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Cheap innovative method enables long term legume storage

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Mil­lions of farm­ers across Africa can now pre­vent their cowpeas from de­struct­ive weevils using a low-cost in­nov­at­ive way of stor­ing the legumes.

Sci­ent­ists have been study­ing how farm­ers store cowpeas and learnt that a long-stand­ing method of killing cowpea weevils in­volved stor­ing the har­vest in­side three-layered and in­di­vidu­ally sealed plastic bags. It was as­sumed the pests died of suf­foc­a­tion something which was not to be.

Now re­search­ers in Africa and the US have pub­lished a study of the method say­ing that while lack of oxy­gen re­duces the weevils’ feed­ing activ­ity, what ac­tu­ally kills them is lack of water, and that the drier the har­vest at the time of stor­age the harder it is for the weevils to sur­vive and mul­tiply.

Har­ves­ted beans are vul­ner­able to cowpea weevils, Cal­lo­sobruchus mac­u­latus, which can mul­tiply rap­idly. Even a small in­fest­a­tion can des­troy an en­tire stored crop in a few months.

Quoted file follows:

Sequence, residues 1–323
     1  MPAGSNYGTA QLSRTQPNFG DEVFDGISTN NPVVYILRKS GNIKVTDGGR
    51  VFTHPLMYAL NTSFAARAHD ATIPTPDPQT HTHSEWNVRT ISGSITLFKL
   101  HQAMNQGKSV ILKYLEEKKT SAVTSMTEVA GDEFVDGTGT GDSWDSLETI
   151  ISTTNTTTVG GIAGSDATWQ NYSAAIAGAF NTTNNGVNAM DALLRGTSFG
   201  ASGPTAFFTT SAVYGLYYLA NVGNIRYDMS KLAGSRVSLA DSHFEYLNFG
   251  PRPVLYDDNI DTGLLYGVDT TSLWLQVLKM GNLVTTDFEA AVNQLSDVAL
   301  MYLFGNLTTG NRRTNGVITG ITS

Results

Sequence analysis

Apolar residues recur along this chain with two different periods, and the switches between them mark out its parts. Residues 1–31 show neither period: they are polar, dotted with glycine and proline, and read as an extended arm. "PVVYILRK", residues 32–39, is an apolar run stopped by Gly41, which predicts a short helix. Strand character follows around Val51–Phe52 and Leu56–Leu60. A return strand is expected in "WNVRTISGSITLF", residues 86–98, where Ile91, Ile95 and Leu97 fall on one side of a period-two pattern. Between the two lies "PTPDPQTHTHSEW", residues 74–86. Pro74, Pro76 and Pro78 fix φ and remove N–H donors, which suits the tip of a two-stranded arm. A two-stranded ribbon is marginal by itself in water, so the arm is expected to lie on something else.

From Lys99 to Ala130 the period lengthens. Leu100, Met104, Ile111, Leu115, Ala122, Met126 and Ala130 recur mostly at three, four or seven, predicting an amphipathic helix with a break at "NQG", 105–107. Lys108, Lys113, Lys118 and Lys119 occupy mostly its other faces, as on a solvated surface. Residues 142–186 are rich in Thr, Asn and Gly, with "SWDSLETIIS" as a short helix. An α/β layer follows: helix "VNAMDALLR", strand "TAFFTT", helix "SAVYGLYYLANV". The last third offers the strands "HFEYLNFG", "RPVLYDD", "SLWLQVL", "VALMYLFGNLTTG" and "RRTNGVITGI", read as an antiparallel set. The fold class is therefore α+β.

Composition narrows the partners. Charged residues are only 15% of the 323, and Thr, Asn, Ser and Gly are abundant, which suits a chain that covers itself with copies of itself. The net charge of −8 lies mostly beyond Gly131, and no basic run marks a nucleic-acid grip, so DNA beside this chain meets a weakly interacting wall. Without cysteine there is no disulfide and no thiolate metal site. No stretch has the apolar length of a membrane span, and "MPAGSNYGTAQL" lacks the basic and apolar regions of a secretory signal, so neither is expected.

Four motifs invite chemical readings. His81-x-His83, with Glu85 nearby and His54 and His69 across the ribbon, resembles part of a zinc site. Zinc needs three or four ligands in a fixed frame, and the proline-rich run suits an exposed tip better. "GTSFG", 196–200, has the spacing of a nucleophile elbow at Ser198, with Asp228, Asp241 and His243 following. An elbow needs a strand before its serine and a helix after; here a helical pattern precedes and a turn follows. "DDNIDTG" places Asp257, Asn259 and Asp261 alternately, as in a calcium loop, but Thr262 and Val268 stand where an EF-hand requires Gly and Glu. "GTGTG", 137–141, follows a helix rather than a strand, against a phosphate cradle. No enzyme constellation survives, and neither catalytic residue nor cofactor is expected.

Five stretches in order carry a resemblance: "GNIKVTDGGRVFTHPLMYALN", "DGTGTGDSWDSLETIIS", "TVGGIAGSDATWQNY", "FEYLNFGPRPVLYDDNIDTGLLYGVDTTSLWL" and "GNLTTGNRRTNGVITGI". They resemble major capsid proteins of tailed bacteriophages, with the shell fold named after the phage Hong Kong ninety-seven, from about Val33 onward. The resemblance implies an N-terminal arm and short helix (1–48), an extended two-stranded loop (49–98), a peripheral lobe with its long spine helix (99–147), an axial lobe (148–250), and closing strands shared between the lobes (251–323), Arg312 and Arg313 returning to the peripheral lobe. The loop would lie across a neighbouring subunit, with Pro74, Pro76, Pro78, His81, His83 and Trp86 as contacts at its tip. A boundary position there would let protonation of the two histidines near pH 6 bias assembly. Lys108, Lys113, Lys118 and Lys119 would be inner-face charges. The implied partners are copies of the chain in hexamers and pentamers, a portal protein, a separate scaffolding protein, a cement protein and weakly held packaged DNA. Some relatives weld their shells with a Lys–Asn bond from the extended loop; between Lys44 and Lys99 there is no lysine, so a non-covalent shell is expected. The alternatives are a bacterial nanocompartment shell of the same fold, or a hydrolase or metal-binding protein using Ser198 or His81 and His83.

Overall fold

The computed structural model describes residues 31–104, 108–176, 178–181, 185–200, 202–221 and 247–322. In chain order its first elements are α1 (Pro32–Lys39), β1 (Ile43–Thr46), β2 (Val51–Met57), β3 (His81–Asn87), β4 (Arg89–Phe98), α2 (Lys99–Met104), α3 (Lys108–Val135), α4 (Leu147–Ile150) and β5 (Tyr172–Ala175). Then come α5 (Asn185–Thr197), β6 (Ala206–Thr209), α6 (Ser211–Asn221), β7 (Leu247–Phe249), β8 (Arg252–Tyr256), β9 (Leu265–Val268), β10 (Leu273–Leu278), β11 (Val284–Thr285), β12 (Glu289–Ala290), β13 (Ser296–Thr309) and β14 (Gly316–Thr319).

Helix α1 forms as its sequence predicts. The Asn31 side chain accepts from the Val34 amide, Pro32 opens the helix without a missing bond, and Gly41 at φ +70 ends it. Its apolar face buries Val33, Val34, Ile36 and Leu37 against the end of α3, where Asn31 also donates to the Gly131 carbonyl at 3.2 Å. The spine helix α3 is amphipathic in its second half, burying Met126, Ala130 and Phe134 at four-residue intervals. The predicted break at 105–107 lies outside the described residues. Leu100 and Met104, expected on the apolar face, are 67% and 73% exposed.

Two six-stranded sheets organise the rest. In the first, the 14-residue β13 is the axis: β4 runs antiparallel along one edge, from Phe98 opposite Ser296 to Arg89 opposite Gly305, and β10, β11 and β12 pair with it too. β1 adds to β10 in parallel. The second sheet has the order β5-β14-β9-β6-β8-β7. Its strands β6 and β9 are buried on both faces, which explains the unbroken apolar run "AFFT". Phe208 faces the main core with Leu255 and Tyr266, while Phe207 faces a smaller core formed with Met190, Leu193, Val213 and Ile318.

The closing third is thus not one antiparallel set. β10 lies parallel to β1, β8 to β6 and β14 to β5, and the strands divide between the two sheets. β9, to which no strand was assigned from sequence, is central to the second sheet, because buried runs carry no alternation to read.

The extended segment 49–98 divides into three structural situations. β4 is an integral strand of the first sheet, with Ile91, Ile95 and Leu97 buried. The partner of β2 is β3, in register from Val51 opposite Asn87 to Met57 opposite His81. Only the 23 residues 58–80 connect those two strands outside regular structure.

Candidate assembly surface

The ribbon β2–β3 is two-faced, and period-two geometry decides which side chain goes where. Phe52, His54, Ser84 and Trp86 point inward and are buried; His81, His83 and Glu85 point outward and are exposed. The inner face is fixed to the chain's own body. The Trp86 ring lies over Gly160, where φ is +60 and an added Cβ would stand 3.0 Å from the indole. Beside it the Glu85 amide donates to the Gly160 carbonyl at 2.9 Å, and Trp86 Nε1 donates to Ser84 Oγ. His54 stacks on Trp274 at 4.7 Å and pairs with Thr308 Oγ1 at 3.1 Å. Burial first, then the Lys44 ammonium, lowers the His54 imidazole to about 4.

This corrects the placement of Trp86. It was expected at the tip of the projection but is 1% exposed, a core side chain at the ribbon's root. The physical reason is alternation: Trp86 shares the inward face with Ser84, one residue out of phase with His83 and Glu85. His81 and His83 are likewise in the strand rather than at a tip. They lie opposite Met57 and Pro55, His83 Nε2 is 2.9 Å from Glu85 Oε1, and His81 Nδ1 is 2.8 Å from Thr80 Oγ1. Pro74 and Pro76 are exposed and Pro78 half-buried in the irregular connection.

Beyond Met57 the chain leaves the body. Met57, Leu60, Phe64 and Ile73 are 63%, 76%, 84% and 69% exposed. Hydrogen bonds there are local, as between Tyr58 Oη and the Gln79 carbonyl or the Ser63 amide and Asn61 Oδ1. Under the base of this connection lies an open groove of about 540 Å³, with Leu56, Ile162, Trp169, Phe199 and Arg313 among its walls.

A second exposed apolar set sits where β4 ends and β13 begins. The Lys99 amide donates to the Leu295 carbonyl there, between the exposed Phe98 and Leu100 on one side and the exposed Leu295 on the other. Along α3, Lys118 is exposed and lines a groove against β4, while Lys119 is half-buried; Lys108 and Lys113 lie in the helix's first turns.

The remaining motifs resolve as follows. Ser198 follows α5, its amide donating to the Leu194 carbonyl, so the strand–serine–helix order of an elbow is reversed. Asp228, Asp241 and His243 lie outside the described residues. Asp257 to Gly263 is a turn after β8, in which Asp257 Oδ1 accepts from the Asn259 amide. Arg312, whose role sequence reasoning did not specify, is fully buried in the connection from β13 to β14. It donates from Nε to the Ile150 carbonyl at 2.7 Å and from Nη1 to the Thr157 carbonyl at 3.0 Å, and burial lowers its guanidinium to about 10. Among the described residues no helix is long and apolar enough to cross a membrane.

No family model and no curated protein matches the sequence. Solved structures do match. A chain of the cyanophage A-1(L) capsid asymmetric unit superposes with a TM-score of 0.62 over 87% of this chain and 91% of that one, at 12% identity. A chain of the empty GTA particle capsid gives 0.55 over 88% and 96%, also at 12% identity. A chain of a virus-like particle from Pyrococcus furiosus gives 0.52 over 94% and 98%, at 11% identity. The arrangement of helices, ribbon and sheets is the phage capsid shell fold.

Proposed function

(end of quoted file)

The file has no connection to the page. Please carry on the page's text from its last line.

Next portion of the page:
“The weevils use oxy­gen to pro­duce water and so are de­prived of their main water source. But some of their water, maybe 15–20 per cent, comes from the seed,” said Larry Mur­dock, an en­to­mo­lo­gist at US-based Purdue Uni­versity and lead au­thor of the study.

Mil­lions of triple plastic bags have already been dis­trib­uted across West and Cent­ral Africa through the Purdue Im­proved Cowpea Stor­age (PICS) bags pro­ject that tar­gets West, Cent­ral and East Africa. “The simple re­com­mend­a­tion is to store, in a PICS bag or via other meth­ods, your grain when it is drier, if you can, be­cause you’re re­du­cing the sup­ply of water and pla­cing the weevils under even greater water stress,” Mur­dock said.

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The team are now in­vest­ig­at­ing whether the dry, air­tight en­vir­on­ment in­hib­its other cowpea pests in the same way.

Sci­ent­ists and re­search­ers in Kenya have wel­comed the study at a time when Kenyan farm­ers are strug­gling with post-har­vest losses in cowpeas. “I strongly feel that av­er­age prices can in­crease 60–100 per­cent between har­vest and the next plant­ing sea­son. So any im­prove­ment in stor­age has the po­ten­tial to in­crease rev­enue by that much,” said Mucheke Mu­gene from the Tege­meo In­sti­tute of Ag­ri­cul­ture.

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